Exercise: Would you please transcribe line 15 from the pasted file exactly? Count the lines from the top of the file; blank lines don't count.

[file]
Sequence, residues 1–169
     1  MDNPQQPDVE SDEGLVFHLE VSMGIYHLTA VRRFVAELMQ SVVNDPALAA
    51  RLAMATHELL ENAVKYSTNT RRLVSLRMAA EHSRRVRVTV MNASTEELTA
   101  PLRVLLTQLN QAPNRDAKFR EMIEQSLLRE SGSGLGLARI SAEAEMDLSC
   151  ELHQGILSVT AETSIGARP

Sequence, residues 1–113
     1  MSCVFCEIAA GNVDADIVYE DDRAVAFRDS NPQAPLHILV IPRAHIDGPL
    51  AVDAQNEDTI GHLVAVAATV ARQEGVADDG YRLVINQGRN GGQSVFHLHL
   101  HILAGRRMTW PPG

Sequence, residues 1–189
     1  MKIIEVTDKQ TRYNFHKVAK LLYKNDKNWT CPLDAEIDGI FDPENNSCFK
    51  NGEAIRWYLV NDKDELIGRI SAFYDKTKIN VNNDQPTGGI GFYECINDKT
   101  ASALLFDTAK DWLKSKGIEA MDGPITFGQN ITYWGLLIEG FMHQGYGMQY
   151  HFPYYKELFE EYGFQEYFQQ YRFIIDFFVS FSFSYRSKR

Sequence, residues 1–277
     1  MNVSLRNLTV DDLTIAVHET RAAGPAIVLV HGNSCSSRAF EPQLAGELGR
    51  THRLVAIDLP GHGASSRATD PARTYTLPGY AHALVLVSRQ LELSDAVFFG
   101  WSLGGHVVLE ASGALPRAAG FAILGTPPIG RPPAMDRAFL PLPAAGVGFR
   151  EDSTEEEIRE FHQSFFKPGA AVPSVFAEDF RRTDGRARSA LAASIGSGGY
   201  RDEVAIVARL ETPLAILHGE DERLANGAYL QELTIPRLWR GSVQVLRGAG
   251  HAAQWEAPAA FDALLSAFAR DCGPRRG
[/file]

Sequence, residues 1–277